IPA transcription of Ancient Greek
To see the IPA phonetic symbols in the text, please ensure that you have installed a Unicode phonetic font, for example Lucida Sans Unicode (often supplied with MS Windows), Charis SIL, or Doulos SIL (click name for free download).
To read the Greek letters, you will need to have installed a Unicode polytonic Greek font, for example Palatino Linotype (supplied with MS Windows) or KadmosU.
Both alphabets are catered for in Arial Unicode MS and Gentium.
This spelling-to-sound table for Classical Greek is based on W.S. Allen’s book Vox Graeca, published by Cambridge University Press in 1968, third edition 1987. The table is in Greek alphabetical order.
Note: this is not how classical Greek is currently pronounced in any classroom that I know of. It is an attempt to reconstruct the way it was pronounced by the ancient Greeks in, say, 500-400 BC.
References to English relate to British English RP or similar. Those familiar with IPA general-phonetic symbols can ignore these English approximations.
Spelling-to-sound rules for Ancient Greek
For an English approximation, take note of breathings below. All accents can be regarded as showing word stress, and any other diacritics ignored.
(1) Breathings. Initial vowel letters always bear one of two diacritics: a rough breathing (thus ἁ, ἑ, ἡ, ἱ, ὁ, ὑ, ὡ), which symbolizes a sound h before the vowel, or a smooth breathing (thus ἀ, ἐ, ἠ, ἰ, ὀ, ὐ, ὠ), which symbolizes its absence. In the case of a vowel or diphthong written as two letters, the breathing is placed on the second of them.
(2) Double consonants. Double consonant letters indicate a lengthened (geminate) consonant sound as in Italian or Finnish, e.g. ἵππος ˈhippos.
(3) Vowel length. Vowel length is contrastive. The letters α, ι, υ are often ambiguous as to length. However, any vowel written with a letter that bears a circumflex (aka perispomenon: ᾶ, ῖ, ῦ) or an iota subscript (ᾳ) is long. In case of doubt consult a Greek lexicon, where short vowels are shown as ᾰ, ῐ, ῠ and long vowels as ᾱ, ῑ, ῡ.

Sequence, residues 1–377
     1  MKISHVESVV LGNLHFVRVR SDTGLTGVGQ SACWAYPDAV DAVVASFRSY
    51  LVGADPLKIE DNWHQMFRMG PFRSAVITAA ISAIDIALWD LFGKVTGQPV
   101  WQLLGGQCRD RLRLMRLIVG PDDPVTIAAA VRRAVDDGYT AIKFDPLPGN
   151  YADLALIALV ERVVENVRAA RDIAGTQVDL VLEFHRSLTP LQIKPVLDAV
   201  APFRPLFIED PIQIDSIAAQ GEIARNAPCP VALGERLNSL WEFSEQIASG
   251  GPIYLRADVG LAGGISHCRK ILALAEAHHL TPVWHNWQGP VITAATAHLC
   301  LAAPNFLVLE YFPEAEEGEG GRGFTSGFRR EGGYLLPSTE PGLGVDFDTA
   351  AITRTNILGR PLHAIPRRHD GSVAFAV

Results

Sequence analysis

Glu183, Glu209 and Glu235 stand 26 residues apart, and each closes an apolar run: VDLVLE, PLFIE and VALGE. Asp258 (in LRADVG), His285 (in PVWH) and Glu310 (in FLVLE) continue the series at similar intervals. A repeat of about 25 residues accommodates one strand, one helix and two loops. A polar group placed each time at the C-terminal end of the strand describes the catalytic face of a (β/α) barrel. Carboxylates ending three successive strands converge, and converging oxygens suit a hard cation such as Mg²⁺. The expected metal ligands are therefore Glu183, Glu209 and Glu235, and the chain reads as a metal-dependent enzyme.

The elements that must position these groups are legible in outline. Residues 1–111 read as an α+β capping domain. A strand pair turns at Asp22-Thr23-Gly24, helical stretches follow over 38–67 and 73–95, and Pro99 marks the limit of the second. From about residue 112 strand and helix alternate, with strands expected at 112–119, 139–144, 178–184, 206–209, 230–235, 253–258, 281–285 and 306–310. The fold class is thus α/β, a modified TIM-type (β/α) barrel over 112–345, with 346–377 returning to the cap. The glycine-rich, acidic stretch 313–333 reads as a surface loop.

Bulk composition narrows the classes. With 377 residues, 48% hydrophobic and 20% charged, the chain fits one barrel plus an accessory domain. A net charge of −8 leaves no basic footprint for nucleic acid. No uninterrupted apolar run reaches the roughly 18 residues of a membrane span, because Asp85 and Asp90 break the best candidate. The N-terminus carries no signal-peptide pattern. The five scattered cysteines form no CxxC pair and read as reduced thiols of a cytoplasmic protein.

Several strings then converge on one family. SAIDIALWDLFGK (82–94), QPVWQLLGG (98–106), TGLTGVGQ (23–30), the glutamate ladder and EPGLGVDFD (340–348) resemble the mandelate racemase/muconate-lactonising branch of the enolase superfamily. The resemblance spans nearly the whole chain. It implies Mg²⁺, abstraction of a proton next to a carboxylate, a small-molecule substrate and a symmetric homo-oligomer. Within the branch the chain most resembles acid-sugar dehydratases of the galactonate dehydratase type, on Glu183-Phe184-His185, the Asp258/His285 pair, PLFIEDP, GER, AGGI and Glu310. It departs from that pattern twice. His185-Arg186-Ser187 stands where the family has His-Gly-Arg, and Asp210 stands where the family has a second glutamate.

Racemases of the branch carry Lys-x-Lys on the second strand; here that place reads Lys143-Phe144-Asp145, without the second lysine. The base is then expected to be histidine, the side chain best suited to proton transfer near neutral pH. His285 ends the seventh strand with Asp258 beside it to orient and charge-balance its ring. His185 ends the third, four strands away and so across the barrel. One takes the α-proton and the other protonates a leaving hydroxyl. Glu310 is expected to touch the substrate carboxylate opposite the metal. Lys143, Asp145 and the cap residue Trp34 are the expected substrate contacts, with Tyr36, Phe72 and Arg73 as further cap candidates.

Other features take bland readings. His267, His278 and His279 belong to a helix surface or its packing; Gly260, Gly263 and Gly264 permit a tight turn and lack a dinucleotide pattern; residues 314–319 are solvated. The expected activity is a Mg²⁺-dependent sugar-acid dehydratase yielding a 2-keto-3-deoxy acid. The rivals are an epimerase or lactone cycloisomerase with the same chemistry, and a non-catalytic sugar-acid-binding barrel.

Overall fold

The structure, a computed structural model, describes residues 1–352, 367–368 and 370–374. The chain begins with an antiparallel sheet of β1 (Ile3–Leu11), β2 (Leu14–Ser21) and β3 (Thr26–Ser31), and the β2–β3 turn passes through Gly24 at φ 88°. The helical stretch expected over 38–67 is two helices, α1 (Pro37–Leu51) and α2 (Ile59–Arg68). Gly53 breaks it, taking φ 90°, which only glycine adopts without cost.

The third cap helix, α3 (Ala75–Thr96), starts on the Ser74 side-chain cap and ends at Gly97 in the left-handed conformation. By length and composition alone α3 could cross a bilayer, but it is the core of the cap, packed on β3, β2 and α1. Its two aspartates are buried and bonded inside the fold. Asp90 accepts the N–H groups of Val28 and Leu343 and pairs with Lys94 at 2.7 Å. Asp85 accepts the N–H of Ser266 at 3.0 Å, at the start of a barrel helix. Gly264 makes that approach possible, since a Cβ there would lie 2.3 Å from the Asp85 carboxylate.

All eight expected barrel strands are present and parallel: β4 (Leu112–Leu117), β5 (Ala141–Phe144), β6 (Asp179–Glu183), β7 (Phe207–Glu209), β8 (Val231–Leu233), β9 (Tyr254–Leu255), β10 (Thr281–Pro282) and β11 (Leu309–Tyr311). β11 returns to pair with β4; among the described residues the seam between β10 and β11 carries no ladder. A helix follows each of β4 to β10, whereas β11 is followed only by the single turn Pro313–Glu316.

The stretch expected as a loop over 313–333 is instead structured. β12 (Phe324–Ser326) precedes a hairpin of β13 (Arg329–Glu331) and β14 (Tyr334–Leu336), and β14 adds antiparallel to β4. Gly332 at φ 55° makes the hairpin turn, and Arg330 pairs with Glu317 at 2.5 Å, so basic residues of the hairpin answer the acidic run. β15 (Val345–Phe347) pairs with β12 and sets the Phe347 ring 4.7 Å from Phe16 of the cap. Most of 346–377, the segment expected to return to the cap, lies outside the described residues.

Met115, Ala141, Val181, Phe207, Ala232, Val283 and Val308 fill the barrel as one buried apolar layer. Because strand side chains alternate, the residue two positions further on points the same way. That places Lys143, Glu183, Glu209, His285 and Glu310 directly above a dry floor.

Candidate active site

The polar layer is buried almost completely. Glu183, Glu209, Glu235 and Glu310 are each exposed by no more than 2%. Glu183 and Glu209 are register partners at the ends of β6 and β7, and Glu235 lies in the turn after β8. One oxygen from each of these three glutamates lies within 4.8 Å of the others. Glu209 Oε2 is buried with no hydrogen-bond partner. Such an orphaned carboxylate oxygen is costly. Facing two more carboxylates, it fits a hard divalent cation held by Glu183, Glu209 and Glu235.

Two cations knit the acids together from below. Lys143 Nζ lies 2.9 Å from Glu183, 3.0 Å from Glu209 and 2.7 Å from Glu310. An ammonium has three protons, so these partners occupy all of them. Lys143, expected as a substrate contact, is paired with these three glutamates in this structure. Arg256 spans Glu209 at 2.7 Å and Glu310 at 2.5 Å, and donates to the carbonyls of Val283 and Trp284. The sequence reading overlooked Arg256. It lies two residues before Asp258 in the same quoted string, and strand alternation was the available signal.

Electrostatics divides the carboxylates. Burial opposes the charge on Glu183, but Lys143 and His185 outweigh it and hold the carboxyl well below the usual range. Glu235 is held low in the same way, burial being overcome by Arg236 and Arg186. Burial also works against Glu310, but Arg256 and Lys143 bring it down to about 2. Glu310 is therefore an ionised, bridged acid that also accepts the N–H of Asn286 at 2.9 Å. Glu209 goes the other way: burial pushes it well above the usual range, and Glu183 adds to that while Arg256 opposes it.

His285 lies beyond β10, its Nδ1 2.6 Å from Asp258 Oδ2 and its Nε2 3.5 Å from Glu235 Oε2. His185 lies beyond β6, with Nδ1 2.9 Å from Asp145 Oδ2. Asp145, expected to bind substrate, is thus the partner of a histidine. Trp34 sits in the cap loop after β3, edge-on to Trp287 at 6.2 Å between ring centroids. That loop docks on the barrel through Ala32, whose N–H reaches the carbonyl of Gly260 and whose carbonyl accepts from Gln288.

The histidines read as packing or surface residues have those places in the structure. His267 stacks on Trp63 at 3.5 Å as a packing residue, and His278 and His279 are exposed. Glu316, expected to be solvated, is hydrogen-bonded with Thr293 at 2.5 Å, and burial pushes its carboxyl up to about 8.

(4) Diphthongs. The diphthongs transcribed above as ai, au, eu, oi, yi are falling diphthongs that might alternatively, and perhaps better, be written aj, aw, ew, oj, yj. Before a following vowel the j or w element is geminated, e.g. υἱός hyiˈjos or hyjˈjos.
(4) Accents. Greek had a word accent system comparable to that of modern Norwegian. An acute accent mark symbolizes a high tone on a short vowel (thus έ, ό etc.) or on the second mora of a long vowel or diphthong (thus ή, αί etc.). A circumflex accent mark symbolizes a high tone on the first mora of a long vowel or diphthong. A grave accent symbolizes a low tone, as does the absence of any accent mark. See Allen.
(5) Iota subscript. An iota written below a vowel letter, thus ᾳ, ῃ, ῳ, was by classical times (or shortly after) irrelevant for spelling-to-sound rules. In pre-classical times it had symbolized a long diphthong. Although important in written Greek, e.g. to distinguish the nom.sg.fem. χρυσῆ ‘golden’ from the corresponding dative χρυσῇ, it can be ignored in pronunciation.
(6) Multiple diacritics. If a letter bears multiple diacritics, as in ἄ, ἦ, ὃ, ᾠ, ᾇ, then each diacritic separately has its own appropriate meaning.
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